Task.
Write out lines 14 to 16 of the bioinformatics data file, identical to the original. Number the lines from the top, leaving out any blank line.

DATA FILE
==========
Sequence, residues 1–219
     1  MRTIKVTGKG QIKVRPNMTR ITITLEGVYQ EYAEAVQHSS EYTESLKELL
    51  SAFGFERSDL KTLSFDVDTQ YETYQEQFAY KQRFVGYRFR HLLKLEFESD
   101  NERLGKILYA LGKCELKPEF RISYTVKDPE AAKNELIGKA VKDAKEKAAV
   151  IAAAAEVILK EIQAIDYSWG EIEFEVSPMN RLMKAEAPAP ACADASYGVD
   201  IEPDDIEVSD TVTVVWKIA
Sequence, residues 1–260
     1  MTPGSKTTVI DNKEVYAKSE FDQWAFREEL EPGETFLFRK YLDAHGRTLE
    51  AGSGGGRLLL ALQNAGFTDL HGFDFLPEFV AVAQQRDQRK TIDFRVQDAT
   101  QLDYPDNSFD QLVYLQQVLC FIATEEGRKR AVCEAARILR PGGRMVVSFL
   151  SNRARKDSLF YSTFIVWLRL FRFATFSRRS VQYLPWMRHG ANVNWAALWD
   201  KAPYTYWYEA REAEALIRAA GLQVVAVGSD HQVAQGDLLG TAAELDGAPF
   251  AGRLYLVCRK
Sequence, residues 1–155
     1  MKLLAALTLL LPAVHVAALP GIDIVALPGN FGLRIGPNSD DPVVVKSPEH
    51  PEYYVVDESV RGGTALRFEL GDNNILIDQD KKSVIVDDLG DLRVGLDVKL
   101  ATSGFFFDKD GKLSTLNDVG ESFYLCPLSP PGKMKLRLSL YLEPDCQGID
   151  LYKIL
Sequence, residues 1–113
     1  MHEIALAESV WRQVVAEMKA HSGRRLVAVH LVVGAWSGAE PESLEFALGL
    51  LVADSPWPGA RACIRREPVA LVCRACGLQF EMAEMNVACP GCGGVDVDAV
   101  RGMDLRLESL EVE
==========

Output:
Sequence, residues 1–155
     1  MKLLAALTLL LPAVHVAALP GIDIVALPGN FGLRIGPNSD DPVVVKSPEH
    51  PEYYVVDESV RGGTALRFEL GDNNILIDQD KKSVIVDDLG DLRVGLDVKL